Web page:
Dad was the second son of Howard and Chrissy Buchanan, having an older brother, Gerry, and gaining three younger brothers; Ron, Allan, and Tom as the years passed. The ranch he grew up on near Govenlock had been homesteaded by his grandparents, who immigrated from Minnesota in 1917.
Dad loved the ranch life, and he was good at it. As a young man he partnered with his parents and took to carving out a living in this thirsty, windy country with enthusiasm. He had a natural ability to respond to any animal, especially horses. He knew very early on that it was going to be a lifelong love affair.
If you saw Dad anywhere in those days, it was usually within arms length of a horse. He rodeoed in his youth, making some lifelong friends in his adventures of bronc riding. Throughout his life, he always tried to get to the rodeos to watch the action, pen and program in hand, and visit his friends.
Dad was confident, yet humble. He believed in helping his neighbours when he could, getting any job done, and doing it with fine workmanship. Often he was out on his horse in roundups, or helping at branding or farming. He wasn’t the loud and proud type though; he didn’t need, nor did he want, the extra attention.
In the 1950s he began his Arabian breeding program. His magnificent stallions, with their exceptional bloodlines were soon noticed by fellow horse owners in the Arabian horse associations. Dad received invitations to enter his studs in several horse shows and breeder championships.
In December 1964, Dad married our mother, Gloria Hibbert, from Regina, and the next 14 years were a whirlwind of additions to their family. They had four daughters first; Laura, Susan, Wendy and Katherine. Then two sons, John and Steven.
As Dad was increasing his herd in the house, he was also increasing his herd on the ranch. With his Arabian studs and mares, he had made a name for himself as a breeder of fine horses. And his talents included saddle breaking many a horse with his gentle, patient hand.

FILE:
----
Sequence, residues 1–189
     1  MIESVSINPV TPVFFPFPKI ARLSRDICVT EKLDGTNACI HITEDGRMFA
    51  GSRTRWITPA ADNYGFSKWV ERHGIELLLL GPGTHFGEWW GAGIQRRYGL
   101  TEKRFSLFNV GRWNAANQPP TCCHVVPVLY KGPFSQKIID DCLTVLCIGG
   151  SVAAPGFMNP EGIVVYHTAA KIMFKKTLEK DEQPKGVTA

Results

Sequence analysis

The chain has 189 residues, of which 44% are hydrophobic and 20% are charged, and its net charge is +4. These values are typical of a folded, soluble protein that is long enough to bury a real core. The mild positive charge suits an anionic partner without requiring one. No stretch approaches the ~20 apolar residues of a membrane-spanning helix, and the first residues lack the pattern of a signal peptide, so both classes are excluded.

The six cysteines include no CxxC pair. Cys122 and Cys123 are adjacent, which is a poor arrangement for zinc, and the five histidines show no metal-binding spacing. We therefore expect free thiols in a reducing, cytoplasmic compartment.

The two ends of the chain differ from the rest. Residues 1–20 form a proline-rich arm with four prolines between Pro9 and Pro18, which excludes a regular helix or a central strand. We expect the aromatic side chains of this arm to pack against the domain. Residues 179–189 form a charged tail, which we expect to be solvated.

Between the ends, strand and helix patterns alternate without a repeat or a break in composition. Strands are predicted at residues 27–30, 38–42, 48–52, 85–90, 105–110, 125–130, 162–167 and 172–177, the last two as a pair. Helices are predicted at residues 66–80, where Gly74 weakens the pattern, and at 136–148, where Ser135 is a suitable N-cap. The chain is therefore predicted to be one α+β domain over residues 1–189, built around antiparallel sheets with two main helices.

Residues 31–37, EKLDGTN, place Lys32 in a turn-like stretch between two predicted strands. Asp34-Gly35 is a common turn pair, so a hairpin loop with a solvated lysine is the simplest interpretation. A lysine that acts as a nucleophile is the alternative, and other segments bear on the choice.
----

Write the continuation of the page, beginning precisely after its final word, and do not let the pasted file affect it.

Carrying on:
With Dad’s herd of Hereford cattle, particularly his bulls, he also developed a name as a breeder of an excellent line of cattle.
Dad was busy in those years. He encouraged all of us to follow in his cowboy footsteps. One of his favourite sayings was, “There are no girl jobs or boy jobs, just work to get done.” That was a special gift given to us, as we grew up with the knowledge of limitless potential. With hard work, we could do anything.
As one of six kids, it meant that any one-on-one time with him was extra special. Often he would choose just one of us to accompany him on his trips checking the herd or crops; or to Maple Creek for a livestock sale; or to Shaunavon to do other ranch business. We all well knew the elation of being the one picked, excitedly jumping on the truck seat, (wearing out the seat he would say), as he drove the prairie trail; or having the honour of joining him at the Star Cafe or the Shaunee Restaurant. Just you and Dad for an entire day! Other memorable trips were to Havre as a family every year to outfit each of us in boots or hats, always at his favourite, Norman’s Ranchwear. Our family also went to many rodeos in those good ol’ days.
Dad always dressed in the same cowboy style: jeans, a western, long-sleeved, snap-up shirt, belt, gray woolen socks and boots. And his wallet in his shirt pocket. As kids we never saw him any other way. Even when we took holidays it was the same attire. We can still envision him on the beach at Cypress Hills, under a tree, with his cowboy hat, jeans, shirt and boots on. It was just one of the many things that we found never changing, always reassuring—our dad.
Relocating to Maple Creek in 1985, brought new opportunities to use his many skills. He had made friends with many folks over the years, having spent a fair bit of time here since his childhood. He worked for many outfits, his knowledge of ranching and farming a valuable asset.
Dad was an avid reader, especially if it involved a cowboy or a horse. He collected every history book he saw, rereading and telling of the history and the people of his communities. His recollection was swift and accurate, and he was the go-to guy if you needed to know who was related to who, and how they came to live where they settled. Road trips were a valuable time, for he pointed out the landmarks en route, and told us of the families who owned the land. Even when you thought you had blocked him out by daydreaming, you somehow knew all those stories, and you find yourself repeating them as you take those highways years later. And the brand boards – many, many hours were put into painstakingly burning into wood, every brand that Dad knew. I could not say how many wood burners he burnt out in his effort of keeping alive that cowboy connection to his past.